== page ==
ECB sees potential need for fiscal stimulus to buttress growth
Policymakers at the European Central Bank put in motion preparations for further monetary stimulus when they last met, although they believed that if the Eurozone economy deteriorated significantly more then it would be national governments' turn to step in with higher spending, the minutes of their most recent policy meeting revealed.
The minutes of the ECB Governing Council's meetings on 24-25 July showed that rate-setters had estimated that financial markets were already pricing in a 10 basis point reduction in the central bank's deposit rate when they next met in September and another 20 basis points of cuts by the end of 2020.
"Uncertainty around the near-term policy outlook had increased over the past few weeks" the minutes said and "the trade outlook had remained surrounded by uncertainty and there was no clear sign of stabilisation."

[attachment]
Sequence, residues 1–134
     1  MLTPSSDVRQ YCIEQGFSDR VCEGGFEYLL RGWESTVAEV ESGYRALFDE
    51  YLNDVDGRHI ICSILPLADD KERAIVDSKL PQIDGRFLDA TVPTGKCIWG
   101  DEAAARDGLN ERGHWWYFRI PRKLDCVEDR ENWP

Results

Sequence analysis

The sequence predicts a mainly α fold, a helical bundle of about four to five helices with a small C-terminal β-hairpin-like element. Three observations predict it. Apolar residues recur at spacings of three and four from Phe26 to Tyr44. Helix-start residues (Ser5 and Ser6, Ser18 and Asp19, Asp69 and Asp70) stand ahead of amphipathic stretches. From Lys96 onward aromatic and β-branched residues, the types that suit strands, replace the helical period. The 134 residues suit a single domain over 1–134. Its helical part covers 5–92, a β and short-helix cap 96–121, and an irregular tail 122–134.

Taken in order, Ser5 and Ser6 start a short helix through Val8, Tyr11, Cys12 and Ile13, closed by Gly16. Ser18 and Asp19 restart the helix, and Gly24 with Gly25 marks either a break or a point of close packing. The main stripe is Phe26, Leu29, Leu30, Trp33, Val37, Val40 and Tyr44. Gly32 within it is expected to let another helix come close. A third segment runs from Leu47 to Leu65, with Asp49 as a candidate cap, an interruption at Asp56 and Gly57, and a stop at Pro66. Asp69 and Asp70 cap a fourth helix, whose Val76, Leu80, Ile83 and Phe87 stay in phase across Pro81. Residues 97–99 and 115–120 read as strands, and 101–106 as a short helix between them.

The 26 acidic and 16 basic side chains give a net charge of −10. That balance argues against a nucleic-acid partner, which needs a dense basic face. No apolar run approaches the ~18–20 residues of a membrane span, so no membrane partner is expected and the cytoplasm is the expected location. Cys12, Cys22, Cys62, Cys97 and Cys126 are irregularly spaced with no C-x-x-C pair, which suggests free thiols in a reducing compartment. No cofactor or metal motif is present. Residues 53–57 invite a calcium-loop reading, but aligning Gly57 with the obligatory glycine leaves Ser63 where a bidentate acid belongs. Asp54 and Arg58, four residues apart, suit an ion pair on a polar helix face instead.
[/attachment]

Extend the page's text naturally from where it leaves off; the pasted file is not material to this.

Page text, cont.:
So much so that the ECB's growth forecasts might need to be lowered again.
According to the minutes: "It was also considered that these downside risks had become more pervasive and that their persistence could ultimately also necessitate a revision to the baseline growth scenario.
"The contingency of a significant further deterioration in euro area economic activity would call for fiscal policy to assume a more prominent role in sustaining demand."
Nonetheless, not all countries had room to loosen their fiscal policy, GC members concluded.
They were also wary about not sounding an "unduly" negative tone about the economic outlook, even as they aimed to reassure those worried that the ECB lacked the means to return inflation to target.